In Our Time | Study Guide

Ernest Hemingway

Download a PDF to print or study offline.

Study Guide
Cite This Study Guide

How to Cite This Study Guide

quotation mark graphic
MLA

Bibliography

Course Hero. "In Our Time Study Guide." Course Hero. 5 Oct. 2017. Web. 17 Nov. 2018. <https://www.coursehero.com/lit/In-Our-Time/>.

In text

(Course Hero)

APA

Bibliography

Course Hero. (2017, October 5). In Our Time Study Guide. In Course Hero. Retrieved November 17, 2018, from https://www.coursehero.com/lit/In-Our-Time/

In text

(Course Hero, 2017)

Chicago

Bibliography

Course Hero. "In Our Time Study Guide." October 5, 2017. Accessed November 17, 2018. https://www.coursehero.com/lit/In-Our-Time/.

Footnote

Course Hero, "In Our Time Study Guide," October 5, 2017, accessed November 17, 2018, https://www.coursehero.com/lit/In-Our-Time/.

In Our Time | Chapter 4 | Summary

Share
Share

Summary

An officer or soldier describes "an absolutely perfect barricade" he and his fellow soldiers have placed on a bridge. They put "a wrought-iron grating" or fence across the bridge. As the Germans try to climb over it, the narrator and his fellow soldiers shoot them. The narrator remarks again, "It was an absolutely perfect obstacle." He is dismayed when they get news about their own forces retreating and have to leave the bridge.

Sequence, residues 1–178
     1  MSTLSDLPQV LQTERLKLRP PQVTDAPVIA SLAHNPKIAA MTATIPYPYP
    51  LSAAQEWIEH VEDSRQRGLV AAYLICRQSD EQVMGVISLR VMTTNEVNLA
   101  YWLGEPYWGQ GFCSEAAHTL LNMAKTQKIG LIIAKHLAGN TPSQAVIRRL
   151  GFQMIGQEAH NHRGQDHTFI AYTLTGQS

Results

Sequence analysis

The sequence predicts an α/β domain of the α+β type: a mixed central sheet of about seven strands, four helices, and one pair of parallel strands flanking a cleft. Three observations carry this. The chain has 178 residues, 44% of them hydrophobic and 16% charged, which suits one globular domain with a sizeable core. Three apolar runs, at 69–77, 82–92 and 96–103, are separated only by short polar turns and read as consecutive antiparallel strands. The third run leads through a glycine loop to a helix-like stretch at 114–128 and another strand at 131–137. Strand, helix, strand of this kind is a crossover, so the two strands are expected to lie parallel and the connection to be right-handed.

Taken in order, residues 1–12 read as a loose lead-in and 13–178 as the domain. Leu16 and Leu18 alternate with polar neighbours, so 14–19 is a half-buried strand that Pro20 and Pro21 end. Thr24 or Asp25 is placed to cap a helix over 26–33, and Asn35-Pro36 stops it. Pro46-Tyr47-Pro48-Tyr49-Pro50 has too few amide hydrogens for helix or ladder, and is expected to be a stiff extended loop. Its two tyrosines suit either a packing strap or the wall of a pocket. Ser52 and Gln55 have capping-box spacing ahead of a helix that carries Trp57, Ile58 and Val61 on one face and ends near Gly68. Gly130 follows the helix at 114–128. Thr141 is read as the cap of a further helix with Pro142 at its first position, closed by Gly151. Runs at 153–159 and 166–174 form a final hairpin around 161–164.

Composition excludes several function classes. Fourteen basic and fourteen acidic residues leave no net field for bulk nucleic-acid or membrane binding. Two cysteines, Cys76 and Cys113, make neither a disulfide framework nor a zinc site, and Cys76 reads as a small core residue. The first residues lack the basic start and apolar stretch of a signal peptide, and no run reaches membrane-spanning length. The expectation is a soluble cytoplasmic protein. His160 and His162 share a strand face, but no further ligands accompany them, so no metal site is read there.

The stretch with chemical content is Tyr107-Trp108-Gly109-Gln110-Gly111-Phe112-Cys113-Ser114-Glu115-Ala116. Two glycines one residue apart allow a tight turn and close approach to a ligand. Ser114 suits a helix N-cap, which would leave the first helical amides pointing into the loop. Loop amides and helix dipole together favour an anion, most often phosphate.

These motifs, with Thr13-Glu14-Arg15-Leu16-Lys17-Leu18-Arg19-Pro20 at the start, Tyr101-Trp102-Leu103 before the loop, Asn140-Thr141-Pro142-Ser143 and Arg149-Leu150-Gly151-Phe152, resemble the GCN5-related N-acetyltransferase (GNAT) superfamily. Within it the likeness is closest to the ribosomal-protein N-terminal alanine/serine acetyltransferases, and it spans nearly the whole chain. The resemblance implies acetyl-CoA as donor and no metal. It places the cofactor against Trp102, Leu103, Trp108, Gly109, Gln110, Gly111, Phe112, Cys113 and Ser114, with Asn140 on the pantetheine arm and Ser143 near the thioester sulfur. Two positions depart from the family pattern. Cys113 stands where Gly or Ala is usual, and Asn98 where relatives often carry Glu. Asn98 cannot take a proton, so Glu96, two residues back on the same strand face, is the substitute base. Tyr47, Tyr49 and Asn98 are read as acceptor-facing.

Analysis

The narrator's repeated use of "frightfully" identifies him as British. He is fixated on the perfection of the barricade. A concrete wall as barricade would have given the enemy cover, offering them a forward position. The narrator describes his iron grating as "too heavy to lift and you could shoot through it." His focus on the tactical perfection keeps him from saying anything about what it is like to kill people. Because Hemingway uses a narrator who says nothing about moral or psychological aspects of war's violence, the reader is called on to imagine those aspects.

The narrator sounds like he would have liked to stay at that bridge forever, or at least for the rest of the war, shooting conveniently slowed-down Germans. However, this "perfect" situation of having the upper hand does not last. The narrator says, "We heard the flank had gone, and we had to fall back." Presumably it is their own flank, their own troops, because they have to retreat ("fall back"). The narrator regrets this action: "We were all frightfully put out." His commentary shows how soldiers can turn off empathy and sympathy during wartime.

Cite This Study Guide

information icon Have study documents to share about In Our Time? Upload them to earn free Course Hero access!